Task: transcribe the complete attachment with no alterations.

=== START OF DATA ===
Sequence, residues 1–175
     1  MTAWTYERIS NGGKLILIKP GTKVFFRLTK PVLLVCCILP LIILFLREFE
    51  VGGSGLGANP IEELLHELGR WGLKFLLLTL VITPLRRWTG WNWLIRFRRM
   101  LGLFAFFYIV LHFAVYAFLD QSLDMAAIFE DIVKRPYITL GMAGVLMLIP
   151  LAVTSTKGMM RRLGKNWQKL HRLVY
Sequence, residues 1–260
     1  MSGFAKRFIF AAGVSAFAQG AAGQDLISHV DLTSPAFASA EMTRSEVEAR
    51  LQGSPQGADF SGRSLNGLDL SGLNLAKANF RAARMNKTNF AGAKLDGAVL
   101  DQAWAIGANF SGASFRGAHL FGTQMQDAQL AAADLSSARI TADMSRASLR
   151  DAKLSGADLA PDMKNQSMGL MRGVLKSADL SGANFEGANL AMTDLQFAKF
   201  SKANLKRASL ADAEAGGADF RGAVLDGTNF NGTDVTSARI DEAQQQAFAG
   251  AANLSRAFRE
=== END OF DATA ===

Sequence, residues 1–175
     1  MTAWTYERIS NGGKLILIKP GTKVFFRLTK PVLLVCCILP LIILFLREFE
    51  VGGSGLGANP IEELLHELGR WGLKFLLLTL VITPLRRWTG WNWLIRFRRM
   101  LGLFAFFYIV LHFAVYAFLD QSLDMAAIFE DIVKRPYITL GMAGVLMLIP
   151  LAVTSTKGMM RRLGKNWQKL HRLVY
Sequence, residues 1–260
     1  MSGFAKRFIF AAGVSAFAQG AAGQDLISHV DLTSPAFASA EMTRSEVEAR
    51  LQGSPQGADF SGRSLNGLDL SGLNLAKANF RAARMNKTNF AGAKLDGAVL
   101  DQAWAIGANF SGASFRGAHL FGTQMQDAQL AAADLSSARI TADMSRASLR
   151  DAKLSGADLA PDMKNQSMGL MRGVLKSADL SGANFEGANL AMTDLQFAKF
   201  SKANLKRASL ADAEAGGADF RGAVLDGTNF NGTDVTSARI DEAQQQAFAG
   251  AANLSRAFRE